Further East, there were 3 smadhs, 2 small and 1 big one. The condition of these structures is much like the buildings just visited if not worse. Of the three, the condition of the only one is recognizable. However, even its dome has fallen and it has been stuffed by bricks, and closed. Bricks from here have also been taken by the people. There are some floral frescoes on this smadh in red and green. This is an octagonal construction with a pier on each edge.

The locals say the condition of these historical buildings in the village was much better till the war of 1965. In the war, this village was taken over by the Indian forces who wrought a lot of destruction here. It is said that they purposefully damaged the fort, perhaps to prevent it from being used as a military strategic location. However, when they were returning, the elders of the locality claim that they renovated the smadhs, in the outer-skirts of the village.

These three smadhs belong to Jevan Singh, his wife, and his son Sardar Amar Singh, who was the landlord of the region during the days of the Empire. There was a protective wall around these three structures, which now has fallen. Sardar Jevan Singh was responsible for the construction of the first fort we visited. According to the British land records which now have been lost and are only available with Iqbal Qaiser, this fort was made in 1798, around the time when Ranjit Singh became sovereign of this region.
Jevan Singh belonged to the sub-caste of Sher Gill, and originally belonged to the village of Thay Pura, around 4 kilometers north of the present location, within the jurisprudence of Pakistan. Around that time, it is said that his village was subjected to perpetual raids by various people, which is why, he along with other people left it, and came and established themselves here. Principally, there are two castes here, Sher Gills, and Jut Gills. They both came along with Jevan Singh. The former were bigger landlords whereas the latter smaller. During the Partition, Jut-Gills converted and stayed back. However, their land was taken over by the government with the pretension that it belonged to the departed. They filed litigation and got the ruling in their favour. They are still found in the village, living in a poor condition.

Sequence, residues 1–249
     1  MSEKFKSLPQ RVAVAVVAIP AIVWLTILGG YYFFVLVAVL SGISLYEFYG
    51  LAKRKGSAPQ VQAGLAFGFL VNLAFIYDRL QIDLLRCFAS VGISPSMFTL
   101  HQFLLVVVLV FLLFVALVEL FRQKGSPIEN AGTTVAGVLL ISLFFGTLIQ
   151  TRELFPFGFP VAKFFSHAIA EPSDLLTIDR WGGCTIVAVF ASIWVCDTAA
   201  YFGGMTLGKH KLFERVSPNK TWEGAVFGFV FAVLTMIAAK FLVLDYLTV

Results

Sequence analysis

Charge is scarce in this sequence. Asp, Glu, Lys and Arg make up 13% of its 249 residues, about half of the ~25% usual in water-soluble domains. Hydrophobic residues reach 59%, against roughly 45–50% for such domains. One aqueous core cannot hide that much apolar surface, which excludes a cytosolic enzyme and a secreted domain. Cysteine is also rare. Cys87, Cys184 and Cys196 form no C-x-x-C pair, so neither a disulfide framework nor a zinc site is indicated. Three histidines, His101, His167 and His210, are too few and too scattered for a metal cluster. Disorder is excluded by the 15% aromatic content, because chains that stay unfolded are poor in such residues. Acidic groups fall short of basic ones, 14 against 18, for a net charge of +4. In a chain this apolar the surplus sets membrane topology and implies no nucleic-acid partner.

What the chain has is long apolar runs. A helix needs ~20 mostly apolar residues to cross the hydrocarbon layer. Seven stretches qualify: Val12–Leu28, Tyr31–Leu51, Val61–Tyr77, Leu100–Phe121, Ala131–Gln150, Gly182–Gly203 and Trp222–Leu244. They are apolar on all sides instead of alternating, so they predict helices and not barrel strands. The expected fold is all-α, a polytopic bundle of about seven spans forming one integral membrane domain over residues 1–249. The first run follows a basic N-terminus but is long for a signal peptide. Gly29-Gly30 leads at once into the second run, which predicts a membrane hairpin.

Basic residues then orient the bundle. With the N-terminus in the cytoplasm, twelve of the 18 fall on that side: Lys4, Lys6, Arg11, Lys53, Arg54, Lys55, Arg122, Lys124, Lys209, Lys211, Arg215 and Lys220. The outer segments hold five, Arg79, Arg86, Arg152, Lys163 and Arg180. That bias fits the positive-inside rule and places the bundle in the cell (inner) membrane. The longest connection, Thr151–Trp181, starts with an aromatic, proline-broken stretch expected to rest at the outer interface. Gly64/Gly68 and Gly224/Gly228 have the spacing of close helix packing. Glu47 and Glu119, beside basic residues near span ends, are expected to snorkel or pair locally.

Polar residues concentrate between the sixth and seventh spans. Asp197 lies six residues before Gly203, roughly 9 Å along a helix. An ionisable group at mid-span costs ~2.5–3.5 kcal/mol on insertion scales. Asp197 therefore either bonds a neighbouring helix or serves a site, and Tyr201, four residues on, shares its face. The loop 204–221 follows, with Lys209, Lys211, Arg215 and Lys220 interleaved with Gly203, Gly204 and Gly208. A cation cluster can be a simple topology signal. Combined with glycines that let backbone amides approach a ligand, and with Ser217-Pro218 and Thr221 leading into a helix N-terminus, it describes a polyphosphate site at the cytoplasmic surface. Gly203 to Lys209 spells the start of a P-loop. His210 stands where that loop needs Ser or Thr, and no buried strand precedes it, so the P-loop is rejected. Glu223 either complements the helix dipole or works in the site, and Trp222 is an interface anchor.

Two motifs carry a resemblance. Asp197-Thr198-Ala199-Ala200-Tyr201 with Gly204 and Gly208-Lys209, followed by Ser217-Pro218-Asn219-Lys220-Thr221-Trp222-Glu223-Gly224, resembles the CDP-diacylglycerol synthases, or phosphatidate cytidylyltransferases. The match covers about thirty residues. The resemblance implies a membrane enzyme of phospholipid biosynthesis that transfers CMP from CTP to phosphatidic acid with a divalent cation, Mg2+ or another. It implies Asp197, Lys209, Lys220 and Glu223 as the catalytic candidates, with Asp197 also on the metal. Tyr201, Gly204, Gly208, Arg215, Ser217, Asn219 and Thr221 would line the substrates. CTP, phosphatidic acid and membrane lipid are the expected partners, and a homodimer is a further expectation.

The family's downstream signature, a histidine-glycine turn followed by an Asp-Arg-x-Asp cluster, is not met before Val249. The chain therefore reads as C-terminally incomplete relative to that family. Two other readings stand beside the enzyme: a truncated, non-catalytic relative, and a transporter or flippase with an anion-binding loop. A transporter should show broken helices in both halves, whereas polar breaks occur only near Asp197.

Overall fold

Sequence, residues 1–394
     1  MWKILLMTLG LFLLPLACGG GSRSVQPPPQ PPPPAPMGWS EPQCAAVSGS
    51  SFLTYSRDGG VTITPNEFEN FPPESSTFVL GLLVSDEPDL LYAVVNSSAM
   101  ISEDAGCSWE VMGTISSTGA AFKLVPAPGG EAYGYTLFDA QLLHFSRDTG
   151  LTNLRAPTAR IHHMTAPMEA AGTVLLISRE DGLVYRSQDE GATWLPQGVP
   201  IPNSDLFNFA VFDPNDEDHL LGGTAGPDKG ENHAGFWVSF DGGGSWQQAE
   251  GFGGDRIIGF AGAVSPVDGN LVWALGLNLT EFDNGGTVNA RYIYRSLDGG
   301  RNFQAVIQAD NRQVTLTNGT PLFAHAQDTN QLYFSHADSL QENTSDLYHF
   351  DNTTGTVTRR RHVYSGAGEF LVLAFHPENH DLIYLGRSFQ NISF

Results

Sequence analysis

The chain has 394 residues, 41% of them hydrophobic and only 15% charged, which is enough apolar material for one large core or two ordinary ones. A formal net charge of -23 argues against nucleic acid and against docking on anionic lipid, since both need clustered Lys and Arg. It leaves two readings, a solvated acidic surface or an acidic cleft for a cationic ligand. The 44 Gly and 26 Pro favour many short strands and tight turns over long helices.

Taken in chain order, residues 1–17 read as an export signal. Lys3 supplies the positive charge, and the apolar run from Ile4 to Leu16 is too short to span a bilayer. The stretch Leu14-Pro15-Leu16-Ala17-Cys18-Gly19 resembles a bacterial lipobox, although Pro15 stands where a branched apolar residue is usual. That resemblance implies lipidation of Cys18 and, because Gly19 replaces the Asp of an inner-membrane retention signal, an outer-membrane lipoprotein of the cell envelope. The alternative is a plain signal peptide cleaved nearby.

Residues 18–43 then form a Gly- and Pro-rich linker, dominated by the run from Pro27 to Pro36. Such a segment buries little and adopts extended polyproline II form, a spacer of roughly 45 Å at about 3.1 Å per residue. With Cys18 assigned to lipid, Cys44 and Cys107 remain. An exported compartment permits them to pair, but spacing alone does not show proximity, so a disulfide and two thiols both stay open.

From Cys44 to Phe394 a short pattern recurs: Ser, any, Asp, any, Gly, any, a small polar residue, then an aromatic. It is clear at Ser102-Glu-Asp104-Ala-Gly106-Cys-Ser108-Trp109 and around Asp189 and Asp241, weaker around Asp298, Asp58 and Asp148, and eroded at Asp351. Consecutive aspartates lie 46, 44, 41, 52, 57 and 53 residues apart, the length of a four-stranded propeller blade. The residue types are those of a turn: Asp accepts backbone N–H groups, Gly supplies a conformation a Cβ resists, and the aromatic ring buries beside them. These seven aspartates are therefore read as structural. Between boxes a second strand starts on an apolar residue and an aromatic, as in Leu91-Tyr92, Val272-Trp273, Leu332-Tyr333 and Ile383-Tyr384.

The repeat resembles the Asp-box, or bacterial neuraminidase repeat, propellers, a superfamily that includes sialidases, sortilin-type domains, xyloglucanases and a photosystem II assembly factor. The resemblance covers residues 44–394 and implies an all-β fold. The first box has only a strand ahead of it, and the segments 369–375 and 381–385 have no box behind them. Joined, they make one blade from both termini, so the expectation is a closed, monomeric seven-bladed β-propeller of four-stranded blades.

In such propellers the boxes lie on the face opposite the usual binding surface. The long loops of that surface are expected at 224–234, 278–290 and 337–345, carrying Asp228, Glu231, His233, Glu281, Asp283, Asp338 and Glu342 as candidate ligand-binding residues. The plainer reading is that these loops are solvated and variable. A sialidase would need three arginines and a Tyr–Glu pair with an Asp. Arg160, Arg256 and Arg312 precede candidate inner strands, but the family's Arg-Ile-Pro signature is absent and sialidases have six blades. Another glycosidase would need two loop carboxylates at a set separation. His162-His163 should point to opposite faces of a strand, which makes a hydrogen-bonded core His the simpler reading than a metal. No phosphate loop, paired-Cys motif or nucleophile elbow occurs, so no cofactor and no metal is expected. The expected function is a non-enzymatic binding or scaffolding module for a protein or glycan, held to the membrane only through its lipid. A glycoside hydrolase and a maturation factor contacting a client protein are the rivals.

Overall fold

Jevan Singh’s father played an important role in shaping the history of Punjab. He arrived at Thay Pur, from Kalkey Kasur where he made an army of his own, and captured all the land from here till Rawalpindi. At that time Pindi was a small town, and he constructed large buildings here. It was also made the capital of his empire. He died in 1804, handing over his kingdom to his son, who later handed it over to Ranjit Singh and became his ally. Jevan Singh’s progeny lived in this village till 1947, when they moved to somewhere around Amritsar.
The ruined fort and smadhs are now the only link between Jevan Singh and this village but they are too disappearing fast. Even with conservation efforts, little can now be preserved because of the immense destruction that time has wrought over it.

 


The only surviving smadh

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One response to “Where the land changes its nationality

  1. Ranpreet Singh Bal

    Thanks Haroon, for sharing this wonderful historical information.